3 Practical Factors for Choosing the Right Circular Saw Blade

Circular saw blades are an essential tool for many projects due to their versatility.

Different types of circular saw blades are designed for different materials and tasks, such as wood, plastic, metal, concrete, and masonry. Choosing the right circular saw blade for your project is important because the right blade can lead to better performance and ensure your safety during operation.

Although saw blades have the same exterior, they are designed for specific tools and applications. Saw blades have different functions on different devices and their applications will vary.
This article will expand on these two elements and briefly describe the applicable scenarios of three types of saw blades.


The diameter of the circular saw blade is a very important deciding factor because for every mechanical device and handheld power tool, only a certain size can be loaded on the device.

For table saws, a blade with a diameter of 254 mm is generally accepted. For hand circular saws, typically 165mm or 190mm; for miter and radial arm saws, typically 254mm or 304mm, and for sliding table saws, blades with a diameter of 315mm or 350mm or larger are acceptable . These tools also work with smaller blades, but don’t try to use larger blades if you set the diameter range. It may be difficult to find replacement blades in this size.

Therefore, before purchasing a new saw blade, you should make sure it fits your machine. Choose the correct size so that your circular saw blade works perfectly with your machine.


The kerf refers to the thickness of the groove that the circular saw blade passes through. Additionally, it can be used to define the thickness of the blade teeth themselves, or at least the thickness at the widest point on the blade. Cut thickness affects cutting width, cost, power consumption and the rate of wood loss during processing. The cut is usually wider than the blade base.

If you look at the construction of a carbide circular saw blade, you will see that the blade has a small carbide tip welded to it, which makes the cutting edge thicker than the blade itself.
For high-speed steel saw blades, although the cutting edge is still thicker than the blade itself, the cutting edge and saw blade are one.

The thicker the blade, the less likely it is to bend and the kerf will be wider. For this reason, heavy-duty stationary table saws typically use 3.2mm blades. This blade can easily cut through high-density hardwoods due to the power provided by the blade.

Table saws, miter saws, and radial arm saws rated below 1.1KW are usually equipped with thinner blades (approximately 2.4mm) for better performance power.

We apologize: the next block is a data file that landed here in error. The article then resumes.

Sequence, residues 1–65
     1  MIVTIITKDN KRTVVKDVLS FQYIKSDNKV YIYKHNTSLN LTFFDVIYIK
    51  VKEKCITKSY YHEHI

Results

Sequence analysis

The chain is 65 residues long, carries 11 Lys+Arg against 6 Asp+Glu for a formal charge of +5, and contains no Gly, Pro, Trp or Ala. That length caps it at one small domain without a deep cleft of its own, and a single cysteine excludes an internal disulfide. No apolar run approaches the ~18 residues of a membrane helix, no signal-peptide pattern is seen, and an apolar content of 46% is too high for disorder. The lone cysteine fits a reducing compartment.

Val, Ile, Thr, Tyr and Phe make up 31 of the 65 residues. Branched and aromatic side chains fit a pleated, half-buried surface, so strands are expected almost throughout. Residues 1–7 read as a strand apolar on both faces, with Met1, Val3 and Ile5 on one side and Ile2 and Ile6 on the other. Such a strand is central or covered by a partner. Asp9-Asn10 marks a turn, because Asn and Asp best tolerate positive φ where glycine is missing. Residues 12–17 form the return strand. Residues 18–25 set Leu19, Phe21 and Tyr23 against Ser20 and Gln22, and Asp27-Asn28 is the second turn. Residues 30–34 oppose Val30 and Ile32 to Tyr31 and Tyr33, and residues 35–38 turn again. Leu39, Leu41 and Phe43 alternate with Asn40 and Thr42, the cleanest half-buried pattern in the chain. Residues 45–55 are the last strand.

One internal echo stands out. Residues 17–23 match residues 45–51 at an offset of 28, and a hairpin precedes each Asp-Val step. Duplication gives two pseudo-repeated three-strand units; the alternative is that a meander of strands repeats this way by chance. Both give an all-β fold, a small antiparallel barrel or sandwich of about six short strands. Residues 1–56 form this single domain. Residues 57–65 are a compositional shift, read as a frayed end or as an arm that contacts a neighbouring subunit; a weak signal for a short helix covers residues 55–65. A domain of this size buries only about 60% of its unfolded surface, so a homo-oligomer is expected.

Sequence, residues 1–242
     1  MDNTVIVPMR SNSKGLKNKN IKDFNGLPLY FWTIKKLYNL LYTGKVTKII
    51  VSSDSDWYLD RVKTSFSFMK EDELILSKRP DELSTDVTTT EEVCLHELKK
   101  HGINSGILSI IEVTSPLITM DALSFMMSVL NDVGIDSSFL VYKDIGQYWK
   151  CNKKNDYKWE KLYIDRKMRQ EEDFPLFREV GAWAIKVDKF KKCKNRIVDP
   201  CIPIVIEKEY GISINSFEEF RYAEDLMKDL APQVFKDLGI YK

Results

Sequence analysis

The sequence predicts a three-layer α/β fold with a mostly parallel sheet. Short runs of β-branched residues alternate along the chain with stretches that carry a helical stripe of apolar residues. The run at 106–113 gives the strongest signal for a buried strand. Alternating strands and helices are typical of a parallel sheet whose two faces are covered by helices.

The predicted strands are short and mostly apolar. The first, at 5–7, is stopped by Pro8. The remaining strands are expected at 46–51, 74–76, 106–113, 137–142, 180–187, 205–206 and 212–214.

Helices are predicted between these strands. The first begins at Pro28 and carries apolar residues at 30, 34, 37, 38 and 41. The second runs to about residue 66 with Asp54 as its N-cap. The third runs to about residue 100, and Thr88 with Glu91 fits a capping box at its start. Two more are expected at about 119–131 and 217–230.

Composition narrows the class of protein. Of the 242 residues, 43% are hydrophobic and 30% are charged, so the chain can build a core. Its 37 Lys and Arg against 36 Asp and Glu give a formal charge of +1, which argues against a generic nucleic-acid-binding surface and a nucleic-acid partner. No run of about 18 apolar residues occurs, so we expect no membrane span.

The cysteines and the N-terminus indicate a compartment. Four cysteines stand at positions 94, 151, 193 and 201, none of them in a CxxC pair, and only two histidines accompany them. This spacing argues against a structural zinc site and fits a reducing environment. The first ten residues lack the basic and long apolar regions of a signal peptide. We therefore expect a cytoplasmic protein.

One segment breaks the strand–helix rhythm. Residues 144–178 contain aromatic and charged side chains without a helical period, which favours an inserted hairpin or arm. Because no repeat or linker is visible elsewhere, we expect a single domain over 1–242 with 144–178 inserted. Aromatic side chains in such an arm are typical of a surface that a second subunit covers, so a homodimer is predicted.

Portable circular saws, especially lithium-ion handheld saws, use thinner blades. It’s hard to find 3.2mm blades for portable saws. These ultra-thin blades put less stress on the saw and do not bend significantly due to their smaller diameter.

So the next time when you choose a saw blade, you need to consider both of the above factors and choose the right blade for your saw. Next, we will briefly introduce the three common saw blades used in woodworking.
Ripping Blades

Rip blades or rip cutting blades are designed to produce straight, long cuts along the grain of the wood. Typically, they have fewer teeth than crosscut blades (approximately 16 to 40) and have deep grooves for effective removal of wood chips and sawdust. The teeth of the ripping blade have a shallow rake angle to prevent the blade from grabbing the workpiece during operation. Tear cutting blades require faster cutting speeds, resulting in rough cuts. Using a ripping blade for cross-cutting is not recommended as it can result in poor cut quality and lead to kickback.

Crosscutting Blades

As opposed to ripping blades, crosscut blades or crosscut blades are great for cutting against the grain of the wood. They have more teeth (approximately 60 to 80) and shallower gullets, making them ideal for cutting solid wood such as hardwood and softwood. Crosscut blades produce extremely clean, smooth cuts with less tearing. They have a steeper rake angle for a more aggressive, smoother cut at low speeds. Also, do not use a cross-cutting blade for tearing.

Combination/General-purpose Blades

Combination blades are sometimes called universal blades. They are designed to tear and transverse at the same time. With the combination blade, we don’t need to switch blades when changing the cutting direction. The combination blade also combines flat and alternating top helical teeth to ensure performance. Flat teeth cut as fast as a rip, while alternating top bevel teeth produce clean, precise cuts like a crosscut. However, for more specific tasks, dedicated rip or cross-cut blades are recommended.

If you need to choose a circular saw blade for the project you are about to start, but you don’t know what to choose, please feel free to contact us. I am a professional cutting tool manufacturer and exporter. I have been engaged in the cutting tool industry for more than 24 years and have professional experience. of engineers to advise you on your tools.

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